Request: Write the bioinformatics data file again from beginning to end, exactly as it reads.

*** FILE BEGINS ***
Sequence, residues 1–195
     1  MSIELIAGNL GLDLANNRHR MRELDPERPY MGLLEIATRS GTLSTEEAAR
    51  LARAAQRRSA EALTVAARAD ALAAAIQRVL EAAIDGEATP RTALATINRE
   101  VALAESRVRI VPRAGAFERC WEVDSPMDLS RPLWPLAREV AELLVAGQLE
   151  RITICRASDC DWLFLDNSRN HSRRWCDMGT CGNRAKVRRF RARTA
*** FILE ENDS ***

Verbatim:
Sequence, residues 1–195
     1  MSIELIAGNL GLDLANNRHR MRELDPERPY MGLLEIATRS GTLSTEEAAR
    51  LARAAQRRSA EALTVAARAD ALAAAIQRVL EAAIDGEATP RTALATINRE
   101  VALAESRVRI VPRAGAFERC WEVDSPMDLS RPLWPLAREV AELLVAGQLE
   151  RITICRASDC DWLFLDNSRN HSRRWCDMGT CGNRAKVRRF RARTA